Thursday, January 11, 2007


Sending more troops to Iraq is not necessarily an escalation. An escalation of war occurs when you move into a new theater of operation. In this regard, the actions taken by Ethiopia in Somalia would be labeled an escalation. We don't know if Bush is escalating the war until we see what he is doing with the troops. Bush's speech indicates that he wants to shore up the control of areas where we already have limited control. This is not technically an escalation.

If our intention are to draw down troops this year, the best way to go about the task is to precede the draw down with a temporary increase in troops. This would allow us to pass control to the Iraqis. Whereas simply removing troops would create a power vacuum that the militias would try to fill. An increase in troops followed by a draw down provides a better opportunity for the legitimate Iraqi forces to fill the vacuum.

Our really big problem is that Bush seems to have lost his credibility. This is a big problem with the Machiavellian-conservative philosophy advocated by Bill O'Reilly, Harvey Mansfield, and other thinkers. To a Machiavellian thinker, the posture and arguments you put before the American people is just a facade.

In 2003, I actually thought that Bush's war posturing against Iraq was part of a legitimate attempt to get Hussein to draw down his WMD stockpiles. For that matter, I suspect that the many of the Congressmen who approved the War in Iraq thought that the war authorization would only kick in when diplomatic efforts proved a failure. Hussein's tact was to stand on the line, leaving us to forever wonder if Bush intended to invade Iraq regardless of the outcome of the diplomatic effort.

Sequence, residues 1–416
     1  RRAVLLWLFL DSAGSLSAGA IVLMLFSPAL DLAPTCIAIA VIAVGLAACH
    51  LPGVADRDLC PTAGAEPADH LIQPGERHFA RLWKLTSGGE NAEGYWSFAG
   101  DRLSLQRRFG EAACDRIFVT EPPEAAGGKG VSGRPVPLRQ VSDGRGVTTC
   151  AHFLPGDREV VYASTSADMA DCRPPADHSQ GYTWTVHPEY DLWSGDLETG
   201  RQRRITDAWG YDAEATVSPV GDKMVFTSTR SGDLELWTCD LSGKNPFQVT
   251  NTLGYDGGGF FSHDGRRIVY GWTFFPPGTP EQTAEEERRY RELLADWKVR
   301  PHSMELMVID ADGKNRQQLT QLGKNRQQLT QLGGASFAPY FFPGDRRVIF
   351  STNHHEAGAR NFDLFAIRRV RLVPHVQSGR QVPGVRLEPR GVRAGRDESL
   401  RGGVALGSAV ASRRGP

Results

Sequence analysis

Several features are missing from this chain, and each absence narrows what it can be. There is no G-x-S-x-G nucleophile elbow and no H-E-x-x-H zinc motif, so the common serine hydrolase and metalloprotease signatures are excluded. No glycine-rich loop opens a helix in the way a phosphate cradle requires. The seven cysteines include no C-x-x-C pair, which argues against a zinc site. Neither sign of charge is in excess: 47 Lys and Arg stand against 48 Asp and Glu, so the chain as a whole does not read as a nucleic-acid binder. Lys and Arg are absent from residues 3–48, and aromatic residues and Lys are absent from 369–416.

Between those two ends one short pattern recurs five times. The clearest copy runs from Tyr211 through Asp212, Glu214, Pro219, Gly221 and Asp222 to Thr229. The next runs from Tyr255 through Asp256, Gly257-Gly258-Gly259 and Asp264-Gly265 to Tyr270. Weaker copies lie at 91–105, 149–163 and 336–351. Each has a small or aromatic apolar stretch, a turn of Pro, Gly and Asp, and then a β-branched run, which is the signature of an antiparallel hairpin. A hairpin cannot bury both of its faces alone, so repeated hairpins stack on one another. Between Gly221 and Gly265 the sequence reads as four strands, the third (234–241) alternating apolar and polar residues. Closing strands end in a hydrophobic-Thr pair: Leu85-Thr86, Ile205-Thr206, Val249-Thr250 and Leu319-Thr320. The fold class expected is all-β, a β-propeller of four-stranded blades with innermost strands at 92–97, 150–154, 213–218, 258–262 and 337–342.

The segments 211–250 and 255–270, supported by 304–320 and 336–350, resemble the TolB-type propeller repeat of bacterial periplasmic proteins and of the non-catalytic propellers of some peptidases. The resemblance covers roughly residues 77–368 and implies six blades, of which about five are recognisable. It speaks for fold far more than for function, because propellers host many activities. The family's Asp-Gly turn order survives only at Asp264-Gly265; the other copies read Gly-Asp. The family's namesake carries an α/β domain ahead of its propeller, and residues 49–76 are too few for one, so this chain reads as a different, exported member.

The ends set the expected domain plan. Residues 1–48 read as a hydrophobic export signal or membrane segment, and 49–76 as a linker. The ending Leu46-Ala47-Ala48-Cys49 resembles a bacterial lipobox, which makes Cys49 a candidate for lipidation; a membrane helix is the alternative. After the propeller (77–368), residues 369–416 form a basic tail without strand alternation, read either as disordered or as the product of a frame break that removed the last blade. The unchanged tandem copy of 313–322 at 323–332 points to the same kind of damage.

Bush is correct in noting that the wise course of action is to precede a draw down with a temporary increase in troops. In such case, a temporary increase in troops is a shrewd move as it would counter efforts of the insurgents to escalate the war as we transferred control to Iraqi forces.

The actions being taken by Bush is technically not an escalation of the war. Bush may well intend to escalate the war. We do not know. This Machiavellian style of leadership is frustrating because the words of a the leader are always misdirections.

Ted Kennedy and friends have been making grand efforts to call the War in Iraq Bush's Vietnam. An analogy with Vietnam might be apropriate as the power vacuum left in the wake of our clumbsy retreat from Vietnam and Cambodia led to one of the worst genocides of the last century. The actions of Bush might be enough to save the Iraqis a similar fate.

Speaking of actual Iraqis, I see that Michelle Malkin is in Iraq. She has pictures of some of the people who be genocided if we simply retreated and left a power vacuum for Al Quaida or Iran to fill. I really wish Bush success in filling that vacuum with legitimate Iraqi forces before we leave, and I hope that Bush is not foolish enough to escalate the war as Democrats claim.

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